We are pleased to present an insight into the textiles recycling industry from Aimee Campanella, Stock Acquisition Manager at Bristol Textile Recyclers (BTR).
Founded in 1972, BTR is a family run business based in St Philips Marsh, Bristol which diverts 20 tonnes of textiles from landfill daily. The diverted textiles consist of unsellable donations from charity shops which BTR purchase by the kilo, helping charities further fundraise for their beneficiaries and to keep their stock rooms clear for new donations.
In addition to charity shops, BTR also helps other organisations fundraise through recycling including schools, Scouts, Guides and various clubs. This is done by organising clothing drives and through recycling banks for the local community to help.
Once the 20 tonnes of textiles are brought back to the factory each day, the BTR team assess each item by hand to determine the garments reusability. Each item is separated into over 160 different categories depending on what the item is and the condition it is in, determining where it goes next:
12.5% - UK for reuse or recycling
0.5% - Eastern Europe for reuse
68% - Central Africa for reuse
19% - South Asia for reuse
Zero textiles to landfill
Only reusable textiles are exported by BTR with all non-reusable textiles being recycled in the UK, resulting in zero textiles going to landfill. The non-reusable textiles that are 100% cotton, such as t-shirts, towels and sweatshirts, are recycled into cleaning cloth known as ‘wiper’.
Out of the 12.5% of textiles that stay in the UK, 9% are recycled into wiper and 3% are used for Energy from Waste (EfW). This process is a form of energy recovery that produces electricity and/or heat from combustion.
Clothing contains a mix of biogenic and fossil carbon (i.e. cotton/polyester mixes). When placed in landfill, fossil carbon stays in the ground and does not break down. The biogenic material does break down however, into carbon dioxide and methane. The carbon dioxide is converted to landfill gas to be captured and burnt, generating energy. The methane, a far more potent greenhouse gas than carbon dioxide, escapes into the atmosphere. It is for this reason that EfW has a lower greenhouse gas impact than landfill, making it the preferred option for managing waste to minimise potential climate change impact.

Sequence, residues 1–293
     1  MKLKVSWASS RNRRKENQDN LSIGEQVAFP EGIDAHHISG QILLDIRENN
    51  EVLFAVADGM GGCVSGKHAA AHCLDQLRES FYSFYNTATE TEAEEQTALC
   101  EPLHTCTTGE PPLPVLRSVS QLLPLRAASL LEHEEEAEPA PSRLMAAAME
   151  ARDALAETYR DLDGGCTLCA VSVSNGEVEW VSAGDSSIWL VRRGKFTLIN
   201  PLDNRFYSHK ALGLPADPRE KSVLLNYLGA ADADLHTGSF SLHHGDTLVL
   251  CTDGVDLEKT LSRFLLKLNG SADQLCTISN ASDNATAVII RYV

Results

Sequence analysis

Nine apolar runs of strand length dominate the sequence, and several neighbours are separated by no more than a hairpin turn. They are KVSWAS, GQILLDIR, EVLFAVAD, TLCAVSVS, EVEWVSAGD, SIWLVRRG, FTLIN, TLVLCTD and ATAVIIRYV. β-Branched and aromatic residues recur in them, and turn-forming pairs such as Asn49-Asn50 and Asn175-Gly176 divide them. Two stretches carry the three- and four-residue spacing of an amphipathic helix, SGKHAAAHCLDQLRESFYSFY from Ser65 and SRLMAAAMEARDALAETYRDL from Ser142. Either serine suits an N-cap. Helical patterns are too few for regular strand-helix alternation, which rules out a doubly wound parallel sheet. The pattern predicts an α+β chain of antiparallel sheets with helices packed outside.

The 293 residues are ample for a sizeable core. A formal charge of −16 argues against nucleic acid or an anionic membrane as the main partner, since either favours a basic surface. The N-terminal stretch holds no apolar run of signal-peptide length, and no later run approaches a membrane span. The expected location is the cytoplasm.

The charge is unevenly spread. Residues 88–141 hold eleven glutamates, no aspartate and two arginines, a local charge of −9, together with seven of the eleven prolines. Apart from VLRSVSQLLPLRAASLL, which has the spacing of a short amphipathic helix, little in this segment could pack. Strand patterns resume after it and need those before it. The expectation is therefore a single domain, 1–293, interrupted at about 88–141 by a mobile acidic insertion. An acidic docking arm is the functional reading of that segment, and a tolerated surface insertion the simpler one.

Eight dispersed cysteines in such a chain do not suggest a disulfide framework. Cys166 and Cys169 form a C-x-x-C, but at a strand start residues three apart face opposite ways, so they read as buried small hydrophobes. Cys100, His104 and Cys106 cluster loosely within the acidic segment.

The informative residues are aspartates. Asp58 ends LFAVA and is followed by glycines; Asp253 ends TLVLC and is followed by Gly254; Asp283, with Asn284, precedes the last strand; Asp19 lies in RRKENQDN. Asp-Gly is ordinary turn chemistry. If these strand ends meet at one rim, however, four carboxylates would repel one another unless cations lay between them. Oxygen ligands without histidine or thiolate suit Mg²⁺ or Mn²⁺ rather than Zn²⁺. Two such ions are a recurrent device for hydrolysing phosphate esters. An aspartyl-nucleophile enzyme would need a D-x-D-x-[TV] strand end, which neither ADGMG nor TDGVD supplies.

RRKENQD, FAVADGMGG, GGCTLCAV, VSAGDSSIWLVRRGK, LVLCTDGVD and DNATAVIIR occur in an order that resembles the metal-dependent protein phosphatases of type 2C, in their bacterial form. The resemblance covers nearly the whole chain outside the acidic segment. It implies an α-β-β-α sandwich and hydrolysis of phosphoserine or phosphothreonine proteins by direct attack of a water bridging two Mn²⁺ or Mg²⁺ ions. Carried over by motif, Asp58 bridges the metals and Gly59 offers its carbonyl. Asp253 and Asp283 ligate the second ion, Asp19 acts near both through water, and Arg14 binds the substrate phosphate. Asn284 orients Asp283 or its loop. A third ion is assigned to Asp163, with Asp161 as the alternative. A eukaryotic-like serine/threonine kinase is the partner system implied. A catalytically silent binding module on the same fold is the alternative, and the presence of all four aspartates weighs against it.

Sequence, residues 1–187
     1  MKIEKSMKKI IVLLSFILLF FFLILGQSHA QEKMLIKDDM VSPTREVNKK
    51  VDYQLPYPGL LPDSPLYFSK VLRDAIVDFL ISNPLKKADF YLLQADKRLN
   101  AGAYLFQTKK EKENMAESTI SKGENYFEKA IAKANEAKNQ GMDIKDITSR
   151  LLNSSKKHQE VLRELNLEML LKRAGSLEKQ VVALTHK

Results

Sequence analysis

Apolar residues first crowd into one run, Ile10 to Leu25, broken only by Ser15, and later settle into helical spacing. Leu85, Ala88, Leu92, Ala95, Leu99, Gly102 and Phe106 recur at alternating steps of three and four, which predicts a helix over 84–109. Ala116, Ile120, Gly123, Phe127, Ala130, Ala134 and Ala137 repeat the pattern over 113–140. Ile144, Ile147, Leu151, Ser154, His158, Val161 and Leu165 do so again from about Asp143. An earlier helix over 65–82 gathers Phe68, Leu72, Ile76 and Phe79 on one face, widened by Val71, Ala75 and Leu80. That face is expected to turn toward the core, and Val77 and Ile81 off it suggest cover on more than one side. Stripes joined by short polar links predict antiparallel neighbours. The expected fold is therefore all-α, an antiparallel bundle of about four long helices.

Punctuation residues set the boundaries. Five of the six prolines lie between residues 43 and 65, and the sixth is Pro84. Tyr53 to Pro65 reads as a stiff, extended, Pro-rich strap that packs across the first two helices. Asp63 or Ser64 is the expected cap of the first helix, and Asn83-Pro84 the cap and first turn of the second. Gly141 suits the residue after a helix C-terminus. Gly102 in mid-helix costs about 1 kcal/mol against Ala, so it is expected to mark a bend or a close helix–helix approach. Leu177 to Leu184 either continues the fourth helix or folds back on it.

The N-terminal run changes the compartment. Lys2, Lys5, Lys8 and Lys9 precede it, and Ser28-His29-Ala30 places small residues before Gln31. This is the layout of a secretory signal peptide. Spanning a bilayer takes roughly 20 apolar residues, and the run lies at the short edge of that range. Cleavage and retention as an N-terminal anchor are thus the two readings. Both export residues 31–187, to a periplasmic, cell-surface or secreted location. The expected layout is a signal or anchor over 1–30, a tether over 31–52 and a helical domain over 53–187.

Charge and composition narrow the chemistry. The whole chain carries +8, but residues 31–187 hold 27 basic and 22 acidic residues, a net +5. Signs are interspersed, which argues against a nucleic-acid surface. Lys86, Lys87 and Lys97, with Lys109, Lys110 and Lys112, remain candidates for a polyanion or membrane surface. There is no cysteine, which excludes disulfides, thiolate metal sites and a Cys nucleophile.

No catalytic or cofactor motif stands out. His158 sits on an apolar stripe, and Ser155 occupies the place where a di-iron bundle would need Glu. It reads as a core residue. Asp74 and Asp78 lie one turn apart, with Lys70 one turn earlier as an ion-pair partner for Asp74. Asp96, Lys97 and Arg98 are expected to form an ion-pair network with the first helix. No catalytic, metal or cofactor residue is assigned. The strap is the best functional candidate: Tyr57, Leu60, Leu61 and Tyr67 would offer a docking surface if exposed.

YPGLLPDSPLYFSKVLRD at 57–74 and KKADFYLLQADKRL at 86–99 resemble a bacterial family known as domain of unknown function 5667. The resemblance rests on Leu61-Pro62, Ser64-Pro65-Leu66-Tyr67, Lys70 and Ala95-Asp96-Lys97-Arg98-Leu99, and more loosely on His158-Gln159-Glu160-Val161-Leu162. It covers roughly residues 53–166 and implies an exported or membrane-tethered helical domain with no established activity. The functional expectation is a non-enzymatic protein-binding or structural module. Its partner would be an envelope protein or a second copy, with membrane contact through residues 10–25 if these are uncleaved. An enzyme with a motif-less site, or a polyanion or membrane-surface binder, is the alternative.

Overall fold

Reducing clothing miles
There are 4,825 garment factories in Bangladesh that produce goods for export. This industry generates 80% of the country’s total export revenue. These garments travel almost 5,000km to be bought and worn by UK consumers via retailers on the high street. There are many outlets to recycle unwanted clothing including donating to a local charity shop, textile bank or placing in the weekly kerbside collection. Eventually the items end up with a textile recycler like BTR before being exported, traveling another 5,000km to be reused abroad.
It is time to think about reducing clothing miles and BTR are taking measures to keep more textiles in the UK by increasing their UK sales.
The remaining 0.5% of textiles from BTR that stay in the UK are sold to wholesalers that are looking for vintage, quirky and retro clothing to resell in their stores, or to upcycle for resale. To help increase UK sales, BTR holds monthly kilo sale events where the public can come in and buy clothing for only £6 per kilo. With no minimum to buy and tonnes of textiles to choose from, there is something for everyone at the events; provided you are ready to roll up your sleeves and rummage to find the hidden gems! Upcoming event dates are available on the BTR website.
Working towards a circular clothing economy
Although only reusable textiles are exported to South Asia, many of the garments will be recycled by reclaiming their fibres and spinning them into yarn to make blankets, shawls or fabrics. International aid organisations comprise one of the largest buyers, ordering millions of emergency relief blankets for disasters worldwide. The documentary Unravel provides further insight into what happens next when the textiles arrive in places such as Panipat, India.
In the UK, Worn Again focuses on closed loop solutions to textile waste and is developing technology to process textiles back into new yarn to make clothes again and again.
Worn Again and BTR Ltd are amongst other retailers, recyclers and charities who have pledged to measure and reduce their carbon footprints by 15% by 2020 as part of the SCAP 2020 Commitment. The Sustainable Clothing Action Plan (SCAP) focuses on diverting textiles from landfill through behaviour change.
In the EU, Circular Economy and Recover are working together to understand the value of textile recycling and to develop closed loop solutions. This would create a system where fibres are continuously recovered, significantly reducing resources used to manufacture virgin material.
Discover more for yourself
BTR provides free tours for groups of up to 7 persons. If you would like to learn more and visit the factory, please contact the team by phone on 01179 717349 or by email at email@example.com.
Pricing information on the current average value of used textiles in the UK as well as historical data is also available from Lets Recycle.
What do you think about the closing the loop in the fashion industry, SCAP or the BTR kilo sales? Please share your thoughts using the comment box below!
About the Author
Aimee Campanella is BTR’s Stock Acquisition Manager with her primary focus on decreasing textiles to landfill by increasing the tonnage of textiles BTR collects. Previously in the printing and hospitality industry, since joining the team in 2013 Aimee’s clothing consumption habits have completely changed from being a traditional high street shopper to now never buying new.
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